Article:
Proposal involves converting its part-empty natural gas mainline to ship western oil eastward.
November 15, 2012
by The Canadian Press
CALGARY—TransCanada Corp. does not expect to see a big environmental pushback from its plan to ship western oil eastward, which could come to fruition around 2017, a company executive said Wednesday.
Alex Pourbaix, who is in charge of energy and oil pipelines at TransCanada, said 80% of the pipe required is already in the ground.
“Even where we don’t have pipeline in the ground, we already have right of way and have relationships with landowners in that part of the world. So I think that’s very significant,” he said.
Eastern Canadians are also keenly aware of how such a plan would affect fuel prices where they live, he added.
“Right now eastern Canada has the highest refined products prices on the continent,” he said.
He added, “it doesn’t take a great leap of logic” to conclude that filling eastern refineries with domestic crude is better than importing pricier oil from overseas.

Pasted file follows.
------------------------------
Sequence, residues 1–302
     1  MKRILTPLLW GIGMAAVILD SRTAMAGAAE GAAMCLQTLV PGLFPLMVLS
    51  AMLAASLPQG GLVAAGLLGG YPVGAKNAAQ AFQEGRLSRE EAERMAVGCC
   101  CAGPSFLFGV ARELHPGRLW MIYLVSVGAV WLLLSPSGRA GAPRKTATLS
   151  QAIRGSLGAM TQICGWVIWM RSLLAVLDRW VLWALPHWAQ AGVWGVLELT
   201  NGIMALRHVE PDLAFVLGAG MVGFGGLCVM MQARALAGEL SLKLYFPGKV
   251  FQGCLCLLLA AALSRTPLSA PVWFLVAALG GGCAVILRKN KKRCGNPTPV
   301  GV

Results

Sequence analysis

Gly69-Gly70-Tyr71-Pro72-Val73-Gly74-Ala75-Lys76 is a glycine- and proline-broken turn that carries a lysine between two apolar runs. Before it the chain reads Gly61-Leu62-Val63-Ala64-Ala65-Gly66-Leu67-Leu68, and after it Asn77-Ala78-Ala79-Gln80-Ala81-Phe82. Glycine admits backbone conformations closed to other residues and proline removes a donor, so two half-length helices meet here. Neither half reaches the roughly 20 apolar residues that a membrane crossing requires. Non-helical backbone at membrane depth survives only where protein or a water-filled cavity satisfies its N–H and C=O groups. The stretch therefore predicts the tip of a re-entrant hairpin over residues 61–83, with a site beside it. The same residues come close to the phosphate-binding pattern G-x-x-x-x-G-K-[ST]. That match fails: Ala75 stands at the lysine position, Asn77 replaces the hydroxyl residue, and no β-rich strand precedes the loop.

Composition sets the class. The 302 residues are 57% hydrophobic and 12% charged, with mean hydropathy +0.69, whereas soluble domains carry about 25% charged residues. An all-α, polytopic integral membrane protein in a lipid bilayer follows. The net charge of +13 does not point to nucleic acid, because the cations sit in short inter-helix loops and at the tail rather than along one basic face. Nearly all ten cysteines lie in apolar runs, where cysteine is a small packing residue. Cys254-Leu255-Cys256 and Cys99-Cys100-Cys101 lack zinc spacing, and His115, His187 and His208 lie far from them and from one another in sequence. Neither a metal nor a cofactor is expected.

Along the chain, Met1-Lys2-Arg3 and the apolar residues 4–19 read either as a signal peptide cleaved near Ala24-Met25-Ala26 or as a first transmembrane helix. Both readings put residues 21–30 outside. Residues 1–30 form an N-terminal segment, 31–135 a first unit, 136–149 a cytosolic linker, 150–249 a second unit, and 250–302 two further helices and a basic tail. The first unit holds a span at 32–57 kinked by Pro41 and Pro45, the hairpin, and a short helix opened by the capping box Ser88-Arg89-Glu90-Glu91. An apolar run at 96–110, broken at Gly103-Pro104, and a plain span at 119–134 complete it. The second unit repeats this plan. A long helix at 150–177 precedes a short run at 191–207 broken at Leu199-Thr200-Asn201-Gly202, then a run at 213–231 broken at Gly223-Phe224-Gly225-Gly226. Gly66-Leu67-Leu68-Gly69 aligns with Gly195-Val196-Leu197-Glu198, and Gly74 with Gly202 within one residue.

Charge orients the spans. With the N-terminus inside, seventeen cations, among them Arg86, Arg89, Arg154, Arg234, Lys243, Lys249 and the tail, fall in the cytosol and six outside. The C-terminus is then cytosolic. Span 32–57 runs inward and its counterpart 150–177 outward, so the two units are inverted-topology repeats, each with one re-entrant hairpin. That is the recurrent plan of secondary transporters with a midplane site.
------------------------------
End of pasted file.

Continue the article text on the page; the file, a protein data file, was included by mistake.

Pipeline proposals to the other side of the country, on the other hand, have been met with fierce resistance, particularly within BC where there are concerns that a spill from a pipeline itself, or from supertankers moving through coastal waters could cause dire environmental harm.
Eastern and western attitudes differ when it comes to pipelines, said Pourbaix.
“Unlike BC, there is a pretty significant long-term tradition of moving oil in that part of the world,” he said.
For instance, tankers have moved to and from the Irving Oil refinery in St. John for 50 years.
“Every day, tankers transit up and down the St. Lawrence Seaway and I think everybody also gets the concept that, to the extent we are able to extend a pipeline towards the East Coast, that would have the impact of actually reducing tanker transits, which I think everybody sees as more risky than pipelines.”
TransCanada’s proposal would involve converting a portion of its part-empty natural gas mainline to gas service with the help of extra pump stations and other tweaks.
The company has deemed the proposal to be economically and technically feasible and has said its customers would be keen to see it built. It intends to more formally gauge just how much support the project has in the coming months.
Taking into account a few years of regulatory review and a few years of construction, Pourbaix said he sees it starting up around 2017.
NDP Leader Tom Mulcair said in an interview Tuesday he supports the eastern pipeline proposals, provided they undergo a thorough environmental review.
In contrast, he dismissed Enbridge’s $6-billion Northern Gateway pipeline between Alberta and the West Coast as a “non-starter” on environmental grounds and that approving it would be a “historical mistake.”
©The Canadian Press